lunedì 30 gennaio 2012

Shell Script esempio ciclo while

while :
 read a b c d e f g h
if [ $? -ne 0 ]

echo $1,$2,$3,$4,$5,$6,$7,$8 >> /tmp/alarm.sandro

done < /tmp/allarmi.txt

Shell Script espressioni utili AWK

HANDY ONE-LINERS FOR AWK                                  22 July 2003
compiled by Eric Pement            version 0.22
   Latest version of this file is usually at:


    Unix:  awk '/pattern/ {print "$1"}'    # standard Unix shells
 DOS/Win:  awk '/pattern/ {print "$1"}'    # okay for DJGPP compiled
           awk "/pattern/ {print \"$1\"}"  # required for Mingw32

Most of my experience comes from version of GNU awk (gawk) compiled for
Win32. Note in particular that DJGPP compilations permit the awk script
to follow Unix quoting syntax '/like/ {"this"}'. However, the user must
know that single quotes under DOS/Windows do not protect the redirection
arrows (<, >) nor do they protect pipes (|). Both are special symbols
for the DOS/CMD command shell and their special meaning is ignored only
if they are placed within "double quotes." Likewise, DOS/Win users must
remember that the percent sign (%) is used to mark DOS/Win environment
variables, so it must be doubled (%%) to yield a single percent sign
visible to awk.

If I am sure that a script will NOT need to be quoted in Unix, DOS, or
CMD, then I normally omit the quote marks. If an example is peculiar to
GNU awk, the command 'gawk' will be used. Please notify me if you find
errors or new commands to add to this list (total length under 65
characters). I usually try to put the shortest script first.


 # double space a file
 awk '1;{print ""}'
 awk 'BEGIN{ORS="\n\n"};1'

 # double space a file which already has blank lines in it. Output file
 # should contain no more than one blank line between lines of text.
 # NOTE: On Unix systems, DOS lines which have only CRLF (\r\n) are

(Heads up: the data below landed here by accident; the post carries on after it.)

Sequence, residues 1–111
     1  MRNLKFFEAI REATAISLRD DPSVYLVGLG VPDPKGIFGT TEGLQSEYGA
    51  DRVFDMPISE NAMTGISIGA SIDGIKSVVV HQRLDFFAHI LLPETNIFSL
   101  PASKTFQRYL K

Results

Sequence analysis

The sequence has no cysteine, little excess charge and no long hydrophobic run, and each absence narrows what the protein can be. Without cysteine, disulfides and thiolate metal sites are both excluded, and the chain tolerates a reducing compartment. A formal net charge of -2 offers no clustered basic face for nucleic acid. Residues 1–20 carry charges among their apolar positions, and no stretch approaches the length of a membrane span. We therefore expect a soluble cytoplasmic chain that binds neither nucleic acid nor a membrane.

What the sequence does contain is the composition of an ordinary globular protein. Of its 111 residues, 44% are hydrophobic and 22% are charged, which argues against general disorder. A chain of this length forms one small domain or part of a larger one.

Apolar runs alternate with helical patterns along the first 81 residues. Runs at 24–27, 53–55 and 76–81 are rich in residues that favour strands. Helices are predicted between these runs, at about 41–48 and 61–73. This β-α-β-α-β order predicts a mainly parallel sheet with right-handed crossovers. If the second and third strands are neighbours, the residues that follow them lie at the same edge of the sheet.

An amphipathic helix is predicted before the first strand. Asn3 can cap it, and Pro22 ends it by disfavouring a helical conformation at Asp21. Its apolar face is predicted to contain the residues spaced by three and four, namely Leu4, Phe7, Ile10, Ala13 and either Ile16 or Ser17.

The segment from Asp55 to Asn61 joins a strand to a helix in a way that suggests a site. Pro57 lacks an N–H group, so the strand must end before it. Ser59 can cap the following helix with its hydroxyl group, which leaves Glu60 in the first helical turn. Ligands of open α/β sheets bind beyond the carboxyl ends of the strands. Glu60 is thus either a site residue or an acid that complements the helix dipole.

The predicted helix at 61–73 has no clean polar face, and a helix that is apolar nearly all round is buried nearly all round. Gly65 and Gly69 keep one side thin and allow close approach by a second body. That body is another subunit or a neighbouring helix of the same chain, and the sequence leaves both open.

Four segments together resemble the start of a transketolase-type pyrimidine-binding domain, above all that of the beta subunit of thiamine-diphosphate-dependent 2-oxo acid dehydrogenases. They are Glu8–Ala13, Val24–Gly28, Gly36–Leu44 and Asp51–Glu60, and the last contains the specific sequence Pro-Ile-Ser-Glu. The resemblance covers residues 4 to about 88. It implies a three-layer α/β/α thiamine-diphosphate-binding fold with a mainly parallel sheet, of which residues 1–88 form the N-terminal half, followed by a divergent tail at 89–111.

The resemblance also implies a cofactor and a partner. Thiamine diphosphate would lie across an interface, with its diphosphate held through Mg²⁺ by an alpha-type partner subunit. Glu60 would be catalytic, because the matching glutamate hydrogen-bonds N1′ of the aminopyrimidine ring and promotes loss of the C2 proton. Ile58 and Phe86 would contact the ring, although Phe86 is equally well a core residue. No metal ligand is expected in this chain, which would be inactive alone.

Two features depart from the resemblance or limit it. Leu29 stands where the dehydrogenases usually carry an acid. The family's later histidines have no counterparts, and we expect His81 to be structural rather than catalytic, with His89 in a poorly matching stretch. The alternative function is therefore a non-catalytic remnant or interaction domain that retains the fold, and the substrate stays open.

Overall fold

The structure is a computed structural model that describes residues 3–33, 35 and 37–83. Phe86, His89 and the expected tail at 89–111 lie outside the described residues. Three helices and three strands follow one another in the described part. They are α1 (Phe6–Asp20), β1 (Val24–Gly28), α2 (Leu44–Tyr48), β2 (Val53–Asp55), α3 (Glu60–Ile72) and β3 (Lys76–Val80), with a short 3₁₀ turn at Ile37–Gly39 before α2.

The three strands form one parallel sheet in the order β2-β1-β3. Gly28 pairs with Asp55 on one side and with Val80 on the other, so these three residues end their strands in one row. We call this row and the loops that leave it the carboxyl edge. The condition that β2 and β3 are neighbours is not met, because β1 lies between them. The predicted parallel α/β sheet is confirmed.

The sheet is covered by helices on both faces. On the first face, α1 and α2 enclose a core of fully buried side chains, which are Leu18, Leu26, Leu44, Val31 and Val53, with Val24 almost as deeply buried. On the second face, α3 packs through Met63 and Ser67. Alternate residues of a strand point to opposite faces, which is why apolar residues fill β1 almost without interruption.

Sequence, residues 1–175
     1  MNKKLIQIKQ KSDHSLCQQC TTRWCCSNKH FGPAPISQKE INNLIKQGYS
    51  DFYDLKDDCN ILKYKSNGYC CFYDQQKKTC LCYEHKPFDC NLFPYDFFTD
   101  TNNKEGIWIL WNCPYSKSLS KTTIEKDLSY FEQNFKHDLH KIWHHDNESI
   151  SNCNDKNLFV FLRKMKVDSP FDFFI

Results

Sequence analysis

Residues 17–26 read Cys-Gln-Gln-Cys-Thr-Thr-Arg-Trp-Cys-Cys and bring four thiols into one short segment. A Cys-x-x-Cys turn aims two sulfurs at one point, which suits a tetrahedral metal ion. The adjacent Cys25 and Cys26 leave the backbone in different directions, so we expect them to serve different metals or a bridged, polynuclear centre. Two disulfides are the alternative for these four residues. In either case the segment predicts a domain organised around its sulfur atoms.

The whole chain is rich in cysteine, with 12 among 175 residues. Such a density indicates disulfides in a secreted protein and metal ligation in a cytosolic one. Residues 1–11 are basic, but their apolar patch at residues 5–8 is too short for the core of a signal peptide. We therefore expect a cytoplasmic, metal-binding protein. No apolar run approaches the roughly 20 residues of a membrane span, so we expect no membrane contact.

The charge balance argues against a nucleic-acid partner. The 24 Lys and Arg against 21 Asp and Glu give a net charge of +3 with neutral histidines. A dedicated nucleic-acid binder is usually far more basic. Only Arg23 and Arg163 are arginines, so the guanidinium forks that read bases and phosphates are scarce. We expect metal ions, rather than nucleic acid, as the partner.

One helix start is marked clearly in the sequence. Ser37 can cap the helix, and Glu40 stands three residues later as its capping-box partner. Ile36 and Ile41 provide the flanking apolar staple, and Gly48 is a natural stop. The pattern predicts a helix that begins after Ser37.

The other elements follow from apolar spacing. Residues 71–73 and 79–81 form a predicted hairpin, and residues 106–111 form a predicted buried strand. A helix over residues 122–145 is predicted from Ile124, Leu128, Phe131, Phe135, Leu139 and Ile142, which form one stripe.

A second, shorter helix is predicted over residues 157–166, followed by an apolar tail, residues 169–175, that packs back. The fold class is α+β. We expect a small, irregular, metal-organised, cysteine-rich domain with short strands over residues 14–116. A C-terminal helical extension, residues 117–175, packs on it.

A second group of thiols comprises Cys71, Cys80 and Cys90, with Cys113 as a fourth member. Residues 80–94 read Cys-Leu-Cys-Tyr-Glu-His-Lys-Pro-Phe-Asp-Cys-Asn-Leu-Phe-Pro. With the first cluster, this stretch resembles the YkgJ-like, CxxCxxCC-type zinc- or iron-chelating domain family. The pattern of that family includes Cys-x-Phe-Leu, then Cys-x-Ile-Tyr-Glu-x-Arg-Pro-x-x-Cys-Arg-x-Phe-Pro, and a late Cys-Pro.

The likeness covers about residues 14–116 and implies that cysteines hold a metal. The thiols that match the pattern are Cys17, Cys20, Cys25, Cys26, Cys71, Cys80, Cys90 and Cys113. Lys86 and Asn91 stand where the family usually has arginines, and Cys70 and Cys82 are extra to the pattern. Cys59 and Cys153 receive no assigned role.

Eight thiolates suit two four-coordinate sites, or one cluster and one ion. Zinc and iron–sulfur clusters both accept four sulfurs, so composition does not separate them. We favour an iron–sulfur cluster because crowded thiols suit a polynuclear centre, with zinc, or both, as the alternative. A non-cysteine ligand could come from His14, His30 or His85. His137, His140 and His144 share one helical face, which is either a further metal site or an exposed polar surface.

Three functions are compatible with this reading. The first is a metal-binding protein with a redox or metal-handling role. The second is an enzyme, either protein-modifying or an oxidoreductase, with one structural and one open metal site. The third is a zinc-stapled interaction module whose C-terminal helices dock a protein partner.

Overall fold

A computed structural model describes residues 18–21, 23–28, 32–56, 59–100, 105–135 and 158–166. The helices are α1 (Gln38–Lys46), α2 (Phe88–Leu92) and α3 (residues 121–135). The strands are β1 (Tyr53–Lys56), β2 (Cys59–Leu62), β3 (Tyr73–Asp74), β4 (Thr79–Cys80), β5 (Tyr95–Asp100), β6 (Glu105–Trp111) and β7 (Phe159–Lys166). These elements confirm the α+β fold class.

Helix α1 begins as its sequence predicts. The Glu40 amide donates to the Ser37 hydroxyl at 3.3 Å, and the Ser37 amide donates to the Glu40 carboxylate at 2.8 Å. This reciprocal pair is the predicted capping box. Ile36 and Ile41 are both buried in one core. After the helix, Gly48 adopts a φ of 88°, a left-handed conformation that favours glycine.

# often treated as non-blank, and thus 'NF' alone will return TRUE.
 awk 'NF{print $0 "\n"}'

 # triple space a file
 awk '1;{print "\n"}'


 # precede each line by its line number FOR THAT FILE (left alignment).
 # Using a tab (\t) instead of space will preserve margins.
 awk '{print FNR "\t" $0}' files*

 # precede each line by its line number FOR ALL FILES TOGETHER, with tab.
 awk '{print NR "\t" $0}' files*

 # number each line of a file (number on left, right-aligned)
 # Double the percent signs if typing from the DOS command prompt.
 awk '{printf("%5d : %s\n", NR,$0)}'

 # number each line of file, but only print numbers if line is not blank
 # Remember caveats about Unix treatment of \r (mentioned above)
 awk 'NF{$0=++a " :" $0};{print}'
 awk '{print (NF? ++a " :" :"") $0}'

 # count lines (emulates "wc -l")
 awk 'END{print NR}'

 # print the sums of the fields of every line
 awk '{s=0; for (i=1; i<=NF; i++) s=s+$i; print s}'

 # add all fields in all lines and print the sum
 awk '{for (i=1; i<=NF; i++) s=s+$i}; END{print s}'

 # print every line after replacing each field with its absolute value
 awk '{for (i=1; i<=NF; i++) if ($i < 0) $i = -$i; print }'
 awk '{for (i=1; i<=NF; i++) $i = ($i < 0) ? -$i : $i; print }'

 # print the total number of fields ("words") in all lines
 awk '{ total = total + NF }; END {print total}' file

 # print the total number of lines that contain "Beth"
 awk '/Beth/{n++}; END {print n+0}' file

 # print the largest first field and the line that contains it
 # Intended for finding the longest string in field #1
 awk '$1 > max {max=$1; maxline=$0}; END{ print max, maxline}'

 # print the number of fields in each line, followed by the line
 awk '{ print NF ":" $0 } '

 # print the last field of each line
 awk '{ print $NF }'

 # print the last field of the last line
 awk '{ field = $NF }; END{ print field }'

 # print every line with more than 4 fields
 awk 'NF > 4'

 # print every line where the value of the last field is > 4
 awk '$NF > 4'


 # IN UNIX ENVIRONMENT: convert DOS newlines (CR/LF) to Unix format
 awk '{sub(/\r$/,"");print}'   # assumes EACH line ends with Ctrl-M

 # IN UNIX ENVIRONMENT: convert Unix newlines (LF) to DOS format
 awk '{sub(/$/,"\r");print}

 # IN DOS ENVIRONMENT: convert Unix newlines (LF) to DOS format
 awk 1

 # IN DOS ENVIRONMENT: convert DOS newlines (CR/LF) to Unix format
 # Cannot be done with DOS versions of awk, other than gawk:
 gawk -v BINMODE="w" '1' infile >outfile

 # Use "tr" instead.
 tr -d \r outfile            # GNU tr version 1.22 or higher

 # delete leading whitespace (spaces, tabs) from front of each line
 # aligns all text flush left
 awk '{sub(/^[ \t]+/, ""); print}'

 # delete trailing whitespace (spaces, tabs) from end of each line
 awk '{sub(/[ \t]+$/, "");print}'